In the 2010s, owing to concern over global warming, demand for meat from a growing middle class, and major investments by companies such as Impossible Foods and Beyond Meat, there was an increase in awareness and the market size for meat analogues in Western and Westernized markets.

Commercial products[edit]

Labeling used in India to distinguish vegetarian products (left) from non-vegetarian products (right).

Commercial products, marketed especially towards vegetarians and labeled as such, are available in most countries worldwide, in varying amounts and quality. As example, in Australia, various vegetarian products are available in most of supermarket chains and a vegetarian shopping guide is provided by Vegetarian/Vegan Society of Queensland.[13] However, the biggest market for commercially vegetarian-labeled foods is India, with official governmental laws regulating the "vegetarian" and "non vegetarian" labels.

Health benefits[edit]

Vegetarian diets are associated with a number of favorable health outcomes in epidemiological studies. In a study supported by a National Institutes of Health grant, dietary patterns were evaluated along with their relationship with metabolic risk factors and metabolic syndromes.[14] A cross-sectional analysis of 773 subjects including 35% vegetarians, 16% semi-vegetarians, and 49% non-vegetarians found that a vegetarian dietary pattern is associated significantly with lower means for all metabolic risk factors except HDL, and a lower risk of metabolic syndromes when compared to non-vegetarian diets. Metabolic risk factors include HDL, triglycerides, glucose, systolic blood pressure, diastolic blood pressure, waist circumference, and body mass index. Metabolic syndromes are a cluster of disorders associated with a heightened risk of diabetes and cardiovascular disease. Adventist Study 2 (AHS-2) compared mean consumption of each food group for vegetarian patterns compared to non-vegetarian patterns.[5] Health benefits can be explained by increase in certain foods, not just the lack of animal products.

Vegetarian Cuisine is good for the heart as it comprises high-fiber whole grains, nuts, legumes, raw and fresh fruits and vegetables, and other low glycemic foods. Vegetarian Cuisine reduces the risk of cancer as it is a type of animal-free diet. Vegetarian Cuisine also prevents type-2 diabetes and related complications.[15] It is also noticed that people who do not eat meat have chances of having lower blood pressure. This is because vegetables tend to have less fat percentage, low amount of sodium, which positively affects blood pressure. Fruits have a good amount of potassium which helps to keep the blood pressure on the lower side.

As evident by the Adventist Study 2 (AHS-2), the vegetarian diet does not always cause health benefits. This is dependent on the specific foods in the vegetarian diet. The National Institute of Health recommends a 1600 calories a day lacto-ovo vegetarian cuisine for the diet. This recommended diet includes oranges, pancakes, milk, and coffee for breakfast, vegetable soup, bagels, American cheese, and spinach salad for lunch, and omelettes, mozzarella cheese, carrots, and whole wheat bread, and tea for dinner.[16]

See also[edit]

References[edit]

  1. ^ Rosell, Magdalena S.; Appleby, Paul N.; Key, Timothy J. (February 2006). "Health effects of vegetarian and vegan diets". Proceedings of the Nutrition Society. 65 (1): 35–41. doi:10.1079/PNS2005481. ISSN 1475-2719. PMID 16441942.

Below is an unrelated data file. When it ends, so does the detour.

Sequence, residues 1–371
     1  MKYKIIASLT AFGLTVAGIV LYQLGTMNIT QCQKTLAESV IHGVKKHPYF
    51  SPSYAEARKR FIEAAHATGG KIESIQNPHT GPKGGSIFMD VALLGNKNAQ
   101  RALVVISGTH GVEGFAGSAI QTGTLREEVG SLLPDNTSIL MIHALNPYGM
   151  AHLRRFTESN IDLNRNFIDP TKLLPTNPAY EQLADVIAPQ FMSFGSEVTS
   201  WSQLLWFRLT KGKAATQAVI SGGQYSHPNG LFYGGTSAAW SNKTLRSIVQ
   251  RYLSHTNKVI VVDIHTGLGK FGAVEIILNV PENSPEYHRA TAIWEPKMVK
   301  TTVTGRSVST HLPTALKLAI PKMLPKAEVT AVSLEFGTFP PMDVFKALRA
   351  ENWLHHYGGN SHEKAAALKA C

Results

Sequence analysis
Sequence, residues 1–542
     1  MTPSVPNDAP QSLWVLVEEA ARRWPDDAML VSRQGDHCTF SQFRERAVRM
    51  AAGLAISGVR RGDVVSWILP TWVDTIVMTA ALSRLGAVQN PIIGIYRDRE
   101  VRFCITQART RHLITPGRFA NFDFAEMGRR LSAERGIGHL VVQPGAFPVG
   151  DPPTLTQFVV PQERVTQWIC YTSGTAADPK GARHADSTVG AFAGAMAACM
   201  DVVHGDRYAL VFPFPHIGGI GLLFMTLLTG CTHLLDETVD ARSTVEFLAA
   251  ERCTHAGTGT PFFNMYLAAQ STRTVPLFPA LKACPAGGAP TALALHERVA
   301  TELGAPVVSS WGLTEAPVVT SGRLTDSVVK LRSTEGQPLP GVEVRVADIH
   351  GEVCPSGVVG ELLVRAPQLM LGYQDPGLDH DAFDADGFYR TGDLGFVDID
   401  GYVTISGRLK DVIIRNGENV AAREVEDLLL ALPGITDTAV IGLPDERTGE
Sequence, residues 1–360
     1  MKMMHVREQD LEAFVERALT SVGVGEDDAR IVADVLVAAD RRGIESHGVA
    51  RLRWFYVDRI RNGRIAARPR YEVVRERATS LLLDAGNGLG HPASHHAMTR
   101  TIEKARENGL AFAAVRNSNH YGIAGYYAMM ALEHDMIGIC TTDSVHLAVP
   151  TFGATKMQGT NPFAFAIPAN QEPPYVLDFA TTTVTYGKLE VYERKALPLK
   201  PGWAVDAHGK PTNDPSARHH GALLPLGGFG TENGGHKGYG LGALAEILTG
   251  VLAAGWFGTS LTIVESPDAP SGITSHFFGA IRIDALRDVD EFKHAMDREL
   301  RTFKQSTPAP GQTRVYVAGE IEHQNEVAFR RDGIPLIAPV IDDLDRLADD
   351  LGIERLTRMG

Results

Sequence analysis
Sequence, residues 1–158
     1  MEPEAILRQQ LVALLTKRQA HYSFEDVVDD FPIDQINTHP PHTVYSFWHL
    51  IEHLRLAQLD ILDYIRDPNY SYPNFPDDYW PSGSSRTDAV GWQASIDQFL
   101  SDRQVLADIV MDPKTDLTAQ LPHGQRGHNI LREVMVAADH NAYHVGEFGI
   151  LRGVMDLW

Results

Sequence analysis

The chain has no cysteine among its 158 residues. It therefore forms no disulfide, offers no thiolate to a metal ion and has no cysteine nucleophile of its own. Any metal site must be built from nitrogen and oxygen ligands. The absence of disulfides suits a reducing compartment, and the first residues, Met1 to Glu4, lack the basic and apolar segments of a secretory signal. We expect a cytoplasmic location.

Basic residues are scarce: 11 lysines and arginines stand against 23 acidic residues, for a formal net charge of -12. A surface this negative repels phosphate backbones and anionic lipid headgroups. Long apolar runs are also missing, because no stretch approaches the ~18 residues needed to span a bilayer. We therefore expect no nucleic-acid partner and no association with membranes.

2. ^ "Definitions". International Vegetarian Union. Retrieved 2021-04-28.
  3. ^ a b Harvard Health Publishing (4 December 2017). "Becoming a vegetarian". Harvard Health Publishing. Retrieved 8 October 2018.
  4. ^ "Vegetarian diet: How to get the best nutrition - Mayo Clinic". www.mayoclinic.org. Retrieved 2021-04-07.
  5. ^ a b Orlich, Michael J.; Jaceldo-Siegl, Karen; Sabaté, Joan; Fan, Jing; Singh, Pramil N.; Fraser, Gary E. (November 2014). "Patterns of food consumption among vegetarians and non-vegetarians". British Journal of Nutrition. 112 (10): 1644–1653. doi:10.1017/S000711451400261X. ISSN 0007-1145.
  6. ^ a b Peter Brang. Ein unbekanntes Russland, Kulturgeschichte vegetarischer Lebensweisen von den Anfängen bis zur Gegenwart An ignored aspect of Russia. Vegetarian lifestyles from the very beginning till the present day. Böhlau Verlag, Köln 2002 ISBN 3-412-07902-2
  7. ^ Schwab, Katharine (2019-07-25). "These plant-based food companies are rebranding to target meat eaters—and it's working". Fast Company. Retrieved 2020-09-03.
  8. ^ a b "CONSUMER INSIGHTS" (PDF). AHDB. July 2018. Retrieved September 2, 2020.
  9. ^ Penny, J. C.; Swift, J. A.; Salter, A. M. (2015). "'Meat reducers': meat reduction strategies and attitudes towards meat alternatives in an emerging group". Proceedings of the Nutrition Society. 74 (OCE5). doi:10.1017/S0029665115003602. ISSN 0029-6651.
  10. ^ DuBois, Christine; Tan, Chee-Beng; Mintz, Sidney (2008). The World of Soy. National University of Singapore Press. pp. 101–102. ISBN 978-9971-69-413-5.
  11. ^ Anderson, E.N. (2014). "China". Food in Time and Place. University of California Press. p. 44. ISBN 978-0-520-95934-7.
  12. ^ Adamson, Melitta Weiss (2004). Food in Medieval Times. Greenwood Publishing Group. p. 72. ISBN 978-0-313-32147-4.
  13. ^ Vegetarian/Vegan Society of Queensland. "Vegetarian/Vegan Supermarket Shopping Guide". Archived from the original on 20 May 2009. Retrieved 7 May 2009.
  14. ^ Rizzo, Nico S.; Sabaté, Joan; Jaceldo-Siegl, Karen; Fraser, Gary E. (2011-05-01). "Vegetarian Dietary Patterns Are Associated With a Lower Risk of Metabolic Syndrome: The Adventist Health Study 2". Diabetes Care. 34 (5): 1225–1227. doi:10.2337/dc10-1221. ISSN 0149-5992. PMID 21411506.
  15. ^ "How and Why to Become a Vegetarian". Healthline. 2018-06-28. Retrieved 2021-06-30.
  16. ^ "Lacto-Ovo Vegetarian Cuisine". www.webharvest.gov. Retrieved 2020-11-07.

External links[edit]